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Lipid Receptor GPR31 as a Target for Anti-Thrombotic and Stroke Therapy

Award Information
Agency: Department of Health and Human Services
Branch: National Institutes of Health
Contract: 2R42HL160429-02
Agency Tracking Number: R42HL160429
Amount: $999,799.00
Phase: Phase II
Program: STTR
Solicitation Topic Code: NHLBI
Solicitation Number: PA21-262
Timeline
Solicitation Year: 2021
Award Year: 2023
Award Start Date (Proposal Award Date): 2023-02-01
Award End Date (Contract End Date): 2025-01-31
Small Business Information
64 FIFER LN
Lexington, MA 02420-1226
United States
DUNS: 968691712
HUBZone Owned: No
Woman Owned: No
Socially and Economically Disadvantaged: No
Principal Investigator
 ATHAN KULIOPULOS
 (617) 636-8482
 ak.oasisrx@gmail.com
Business Contact
 LIDIJA COVIC
Phone: (617) 636-8482
Email: lc.oasisrx@gmail.com
Research Institution
 TUFTS MEDICAL CENTER
 
800 WASHINGTON ST
BOSTON, MA 02111-1552
United States

 Domestic Nonprofit Research Organization
Abstract

Despite prevalent use of anti-platelet and anti-lipid therapies, stroke remains the third major cause of death
and is the leading cause of adult disability in the US with an estimated cost in the range of $34 billion
annually. Approximately 20% of the annual 795,000 stroke patients die within one year and 15-30% are
permanently disabled. Antiplatelet therapy is mainly used for primary prevention of acute ischemic stroke in
cerebrovascular disease. Bioactive fatty acids are a new class of molecular targets that hold great
therapeutic potential because of their diverse role as signaling molecules that regulate metabolism and
inflammation. The oxidation of arachidonic acid by 12-LOX results in the production of a number of bioactive
lipids including the metabolite 12(S)-HETE. The lipid receptor GPR31, an orphan class A GPCR, is a 12(S)-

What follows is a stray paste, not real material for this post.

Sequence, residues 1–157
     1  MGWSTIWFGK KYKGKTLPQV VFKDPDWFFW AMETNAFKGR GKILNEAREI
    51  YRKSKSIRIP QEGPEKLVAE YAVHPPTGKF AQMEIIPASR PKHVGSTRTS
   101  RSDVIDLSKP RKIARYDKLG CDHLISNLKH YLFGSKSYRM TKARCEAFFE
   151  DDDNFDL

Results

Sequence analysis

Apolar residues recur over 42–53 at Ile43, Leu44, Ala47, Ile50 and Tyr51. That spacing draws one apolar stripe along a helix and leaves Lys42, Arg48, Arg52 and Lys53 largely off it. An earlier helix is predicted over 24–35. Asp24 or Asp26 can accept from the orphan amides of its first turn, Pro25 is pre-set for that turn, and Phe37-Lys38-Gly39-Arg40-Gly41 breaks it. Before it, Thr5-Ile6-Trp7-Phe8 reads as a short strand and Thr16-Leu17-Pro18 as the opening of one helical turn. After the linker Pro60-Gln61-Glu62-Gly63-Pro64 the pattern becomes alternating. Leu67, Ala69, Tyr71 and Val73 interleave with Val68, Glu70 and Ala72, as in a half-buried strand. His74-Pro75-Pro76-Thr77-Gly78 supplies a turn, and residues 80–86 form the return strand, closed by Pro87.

HETE receptor recently shown to be involved in inflammatory signaling. We recently discovered that GPR31
mediates 12(S)-HETE prothrombotic signaling in platelets and promotes glutamate-induced oxidative
toxicity in neuronal cells. Therefore, we propose that targeting GPR31 may provide a therapeutic path
towards development of a safe and effective antiplatelet therapy that is coupled with secondary
neuroprotective effects for mitigating against the acute neurologic sequela of stroke to provide a more
effective and safer alternative option or adjunct to fibrinolytic therapy. We have recently succeeded in
identifying the first effective GPR31 antagonist using our cell-penetrating, membrane-tethered, Pepducin
technology to be validated in these preclinical IND-enabling studies as an anti-platelet and anti-stroke
agent. We show here that this i3-loop derived GPR31 lipopeptide has potent antiplatelet activity and nearly
completely suppresses arterial thrombosis without an effect on hemostasis in mice. Preliminary data with
the GPR310 pepducin shows a highly significant reduction in stroke infarct area in mice similar to the
protective effect of Gpr31-deficiency. Furthermore, we provide evidence for a direct neuroprotective effect of
the GPR310 pepducin on HT22 neuronal cells subjected to glutamate mediated oxidative stress. The goal
of this Phase 2 STTR project is to develop the GPR310 pepducin as a collaborative effort between Oasis
Pharmaceuticals (Lexington, MA), Tufts Medical Center (Boston, MA) that would provide a robust IND data
package required to advance the initial commercial development of the first GPR31 inhibitor as a dual
antiplatelet, anti-stroke drug. This drug development program would establish the scientific merit of the
GPR31 target by accomplishing the major milestones at the end of 2 years of GLP safety/pharmacology
and efficacy in stroke models ± thrombolytic therapy to support a Phase I first-in-human clinical trial.

* Information listed above is at the time of submission. *

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